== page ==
I may have some thoughts on this, but for now: what is the rationale for approval voting in Delegate elections as opposed to IRV? Is that to do with the multi-stage nature of the Delegate election?

I believe it is related to the nature of the underlying positions–the PM is a political office charged with governing and thus is chosen in a majoritarian way, while the Delegate is more of a unifying figurehead and is therefore chosen via approval / consensus. The issues are discussed a bit further in this thread, but I am sure there is much more that could be said.

Frankly I think our elections are easy enough to understand if one takes the time to read the instructions.


Support for this amendment.

In support.

I’ll echo Kris on this… if someone takes a second to read then there shouldn’t be a problem.

Further, the point of approval voting for Delegate is to ensure broad support of a candidate.

I’m in support of leaving the voting system the way it is. It works well, and I see no reason to change it

In the last PM election, over 25% of citizens’ votes were not counted due to balloting errors. Whatever the reason, that does not strike me as a system that is working remarkably well.

I don’t disagree with this as a theoretical matter. But as practical matter, voter confusion–and the resulting invalid ballots–continues to be a problem each election. Perhaps we shouldn’t feel bad for these voters; a case could be made that if you don’t take the time to read and understand the instructions, then you don’t deserve to have your vote counted. It’s not an unreasonable argument, but I don’t find it persuasive. If altering the voting system will increase effective voter enfranchisement, that strikes me as a sufficient reason to make the change absent substantial countervailing considerations. Which brings me to the next issue.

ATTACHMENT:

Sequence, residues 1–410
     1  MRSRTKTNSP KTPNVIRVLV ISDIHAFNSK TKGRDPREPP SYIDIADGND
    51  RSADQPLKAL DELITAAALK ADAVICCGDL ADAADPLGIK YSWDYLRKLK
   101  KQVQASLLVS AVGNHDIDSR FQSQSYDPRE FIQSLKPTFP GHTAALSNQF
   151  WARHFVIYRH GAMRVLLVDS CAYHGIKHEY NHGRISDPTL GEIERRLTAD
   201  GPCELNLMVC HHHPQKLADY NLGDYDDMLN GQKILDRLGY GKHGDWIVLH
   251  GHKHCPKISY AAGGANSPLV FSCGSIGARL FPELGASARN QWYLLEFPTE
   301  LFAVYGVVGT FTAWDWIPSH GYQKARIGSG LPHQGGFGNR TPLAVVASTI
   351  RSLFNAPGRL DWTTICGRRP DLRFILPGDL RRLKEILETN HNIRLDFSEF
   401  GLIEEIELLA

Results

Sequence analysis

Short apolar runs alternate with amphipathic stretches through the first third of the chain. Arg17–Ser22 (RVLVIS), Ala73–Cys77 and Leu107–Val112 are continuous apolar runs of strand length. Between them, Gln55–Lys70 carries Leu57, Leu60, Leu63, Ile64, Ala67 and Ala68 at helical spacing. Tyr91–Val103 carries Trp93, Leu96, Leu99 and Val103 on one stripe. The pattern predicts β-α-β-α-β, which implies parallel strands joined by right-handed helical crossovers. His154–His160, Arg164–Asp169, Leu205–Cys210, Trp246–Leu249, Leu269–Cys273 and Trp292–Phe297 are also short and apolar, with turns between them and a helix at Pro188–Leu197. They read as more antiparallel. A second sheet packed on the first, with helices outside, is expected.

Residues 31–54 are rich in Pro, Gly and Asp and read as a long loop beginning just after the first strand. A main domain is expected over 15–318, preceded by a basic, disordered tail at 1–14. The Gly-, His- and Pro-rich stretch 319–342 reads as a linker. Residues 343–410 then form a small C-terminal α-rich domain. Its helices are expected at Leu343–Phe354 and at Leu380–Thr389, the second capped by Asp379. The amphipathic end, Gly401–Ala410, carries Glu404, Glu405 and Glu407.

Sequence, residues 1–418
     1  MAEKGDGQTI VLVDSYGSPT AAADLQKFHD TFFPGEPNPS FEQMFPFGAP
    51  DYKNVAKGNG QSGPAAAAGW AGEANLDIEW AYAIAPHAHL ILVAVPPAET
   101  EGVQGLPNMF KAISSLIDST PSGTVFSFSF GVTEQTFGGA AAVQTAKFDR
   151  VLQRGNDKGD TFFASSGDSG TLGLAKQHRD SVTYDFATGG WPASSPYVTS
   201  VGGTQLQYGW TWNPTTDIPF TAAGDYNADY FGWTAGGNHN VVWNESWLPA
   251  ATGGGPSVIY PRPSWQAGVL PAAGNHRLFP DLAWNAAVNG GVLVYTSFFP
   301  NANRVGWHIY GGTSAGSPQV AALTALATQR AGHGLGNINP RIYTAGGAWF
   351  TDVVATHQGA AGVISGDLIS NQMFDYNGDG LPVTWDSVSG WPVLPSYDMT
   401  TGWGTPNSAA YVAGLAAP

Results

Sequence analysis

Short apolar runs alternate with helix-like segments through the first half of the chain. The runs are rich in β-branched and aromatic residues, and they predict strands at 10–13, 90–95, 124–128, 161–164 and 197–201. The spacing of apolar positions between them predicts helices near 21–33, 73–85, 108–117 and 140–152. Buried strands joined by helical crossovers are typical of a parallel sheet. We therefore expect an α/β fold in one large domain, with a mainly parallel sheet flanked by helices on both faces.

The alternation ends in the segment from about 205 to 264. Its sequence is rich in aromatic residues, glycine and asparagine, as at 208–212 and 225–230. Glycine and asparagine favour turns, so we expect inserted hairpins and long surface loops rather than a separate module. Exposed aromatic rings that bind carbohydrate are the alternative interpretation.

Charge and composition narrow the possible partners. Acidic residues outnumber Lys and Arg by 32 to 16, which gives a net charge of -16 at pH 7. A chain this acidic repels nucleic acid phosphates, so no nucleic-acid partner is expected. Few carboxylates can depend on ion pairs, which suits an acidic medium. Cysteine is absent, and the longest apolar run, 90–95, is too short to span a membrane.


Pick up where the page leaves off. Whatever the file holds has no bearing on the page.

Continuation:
I agree with the idea of ensuring that Delegate candidates have broad support before moving on to the gameside round of the election. That said, I’m not sure how often candidates without majority support would advance under an IRV system. The first winner will, of course, command an absolute majority of support. And it seems very likely that the first candidate eliminated (who will become the second winner), will often have approval of a majority of voters once second preference votes are accounted for (I assume that no one would vote for a candidate as their second preference if they would not also approve of them serving in the position). But if this is an insuperable obstacle, we could add a proviso along the following lines (new language in green):

  1. If the position specifies more than one winner, then the last candidate eliminated shall also become a winner until the requisite number of winners have been chosen, provided, however, that no candidate shall become a winner if named on less than half of all ballots cast.

The problem was incorrectly cast ballots, right?

Yes, which is what I meant by balloting errors.

When people are given the supreme responsibility to elect government officials in the region, I do not believe asking them to read the instructions is too much to ask. Speaking as someone who failed to do that in the past, it is not a mistake I am eager to make again.

I see your point, but I stand by my response to Kringle’s post: